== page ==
In order to help small businesses adjust to new public health requirements as commercial districts reopen for business, PSEG Long Island is encouraging chambers of commerce and business …
In order to help small businesses adjust to new public health requirements as commercial districts reopen for business, PSEG Long Island is encouraging chambers of commerce and business improvement districts to apply for a Main Street revitalization grant.
As of last week, PSEG’s John Keating said five chambers’ applications have been approved, and several others are amid discussion for up to $5,000 of reimbursed funds for outdoor amenities and items in order to limit the spread of COVID-19 while allowing businesses to be open and residents to dine/shop.
“We created the Main Street Revitalization Program because we know that small businesses are the backbone of Long Island’s economy. If they thrive, we all thrive,” said Keating, manager of economic development for PSEG Long Island. “The pandemic has affected businesses in many ways and the intent of this program is to help them succeed, as our communities reopen for business.”
Greater Sayville Chamber of Commerce has submitted an application, but has not yet had much conversation with the energy company after the fact, aside from a confirmation of receipt. Chamber president Eileen Tyznar said that the chamber was heavily involved in assisting Sayville businesses adapt to outdoor dining when the state announced the degree of clearance to conduct business entering Phase 2.
“We were helping them fill out their applications to make their seating work,” Tyznar said. “In the interim, we lent some of [the chamber’s] canopies, tables, and chairs. It would be wonderful to get this grant so [the businesses] can purchase [the items]. We don’t know if there will be another wave or decreasing the indoor capacity again if there is an uptick.”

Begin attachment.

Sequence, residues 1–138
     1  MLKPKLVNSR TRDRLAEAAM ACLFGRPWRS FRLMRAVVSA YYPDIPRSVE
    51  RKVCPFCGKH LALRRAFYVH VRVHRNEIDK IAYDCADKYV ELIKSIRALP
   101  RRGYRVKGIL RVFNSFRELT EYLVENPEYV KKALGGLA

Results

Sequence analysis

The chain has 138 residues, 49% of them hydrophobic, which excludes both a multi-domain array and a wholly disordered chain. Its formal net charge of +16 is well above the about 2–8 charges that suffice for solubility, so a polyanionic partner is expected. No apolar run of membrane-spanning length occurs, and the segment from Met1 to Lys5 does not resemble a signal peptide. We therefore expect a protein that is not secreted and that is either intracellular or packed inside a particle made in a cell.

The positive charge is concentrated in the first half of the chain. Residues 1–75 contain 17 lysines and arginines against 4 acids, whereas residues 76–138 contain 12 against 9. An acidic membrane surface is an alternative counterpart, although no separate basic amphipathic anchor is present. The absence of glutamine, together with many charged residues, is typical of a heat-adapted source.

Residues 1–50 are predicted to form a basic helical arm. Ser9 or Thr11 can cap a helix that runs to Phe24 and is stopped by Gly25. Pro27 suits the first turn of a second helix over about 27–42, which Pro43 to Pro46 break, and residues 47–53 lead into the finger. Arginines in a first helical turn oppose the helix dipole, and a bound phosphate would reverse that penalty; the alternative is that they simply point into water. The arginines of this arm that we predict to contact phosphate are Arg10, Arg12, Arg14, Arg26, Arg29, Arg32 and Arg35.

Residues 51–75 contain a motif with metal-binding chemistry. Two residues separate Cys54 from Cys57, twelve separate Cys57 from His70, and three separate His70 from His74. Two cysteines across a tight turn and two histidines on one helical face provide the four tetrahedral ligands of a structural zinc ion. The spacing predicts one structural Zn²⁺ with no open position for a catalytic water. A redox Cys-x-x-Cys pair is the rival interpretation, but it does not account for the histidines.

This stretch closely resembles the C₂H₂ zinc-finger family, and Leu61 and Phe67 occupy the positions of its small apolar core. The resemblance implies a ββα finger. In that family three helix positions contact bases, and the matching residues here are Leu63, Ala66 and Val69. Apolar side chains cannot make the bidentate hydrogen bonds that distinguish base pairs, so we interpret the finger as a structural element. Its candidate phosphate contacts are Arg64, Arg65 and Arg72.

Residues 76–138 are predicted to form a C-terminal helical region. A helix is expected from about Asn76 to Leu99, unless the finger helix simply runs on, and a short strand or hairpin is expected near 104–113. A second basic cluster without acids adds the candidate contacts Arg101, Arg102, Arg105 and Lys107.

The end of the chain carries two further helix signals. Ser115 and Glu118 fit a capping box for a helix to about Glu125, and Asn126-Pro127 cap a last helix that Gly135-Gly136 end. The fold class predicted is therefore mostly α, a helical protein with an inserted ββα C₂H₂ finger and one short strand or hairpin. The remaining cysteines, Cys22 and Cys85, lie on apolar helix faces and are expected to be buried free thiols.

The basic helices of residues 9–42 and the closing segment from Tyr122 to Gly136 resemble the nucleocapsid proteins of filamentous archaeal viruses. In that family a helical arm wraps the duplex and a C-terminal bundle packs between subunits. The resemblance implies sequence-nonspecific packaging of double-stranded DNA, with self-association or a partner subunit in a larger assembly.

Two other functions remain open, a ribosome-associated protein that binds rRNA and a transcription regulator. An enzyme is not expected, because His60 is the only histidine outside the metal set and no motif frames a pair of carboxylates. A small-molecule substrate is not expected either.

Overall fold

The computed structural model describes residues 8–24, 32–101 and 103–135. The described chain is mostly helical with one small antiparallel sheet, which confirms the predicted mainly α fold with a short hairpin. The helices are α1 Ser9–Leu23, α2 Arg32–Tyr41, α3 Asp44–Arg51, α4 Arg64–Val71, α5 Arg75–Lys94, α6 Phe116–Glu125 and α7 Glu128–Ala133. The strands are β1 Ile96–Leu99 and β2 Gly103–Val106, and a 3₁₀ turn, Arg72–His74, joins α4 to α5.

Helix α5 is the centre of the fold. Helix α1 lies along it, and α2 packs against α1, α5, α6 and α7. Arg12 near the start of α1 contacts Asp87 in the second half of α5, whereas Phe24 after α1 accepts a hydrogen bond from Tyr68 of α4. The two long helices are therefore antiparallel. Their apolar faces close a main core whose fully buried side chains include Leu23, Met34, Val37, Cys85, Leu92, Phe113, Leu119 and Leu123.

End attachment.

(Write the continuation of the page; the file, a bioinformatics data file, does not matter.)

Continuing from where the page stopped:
Now that indoor and outdoor dining are both permitted to some degree, Tyznar voiced that local businesses are eager to transition back to permitting full capacity of their establishments, noting multiple benefits to the businesses being allowed to do so.
“Some people are still hesitant and would rather be in the fresh air for social distancing. [It has been] challenging with heat and the outdoor dining space being limited,” she said, continuing on to point out the burden on servers in restaurants.
The Bayport-Blue Point Chamber of Commerce’s president Carol Seitz said that there has been no significant feedback from the local businesses as of yet regarding the grant offered by the electric company. She explained that the chamber has not had a meeting since March.
However, a Zoom meeting has been scheduled for the end of the month of July.
“That is when we will get feedback on that,” Seitz said, adding that the chamber does not plan on meeting in person until the fall season, at the earliest, due to the health concerns revolving COVID-19.
Keating noted that there is no cemented deadline for applications, but envisions the program to be available for roughly 90 days past June 18, when the grant was announced.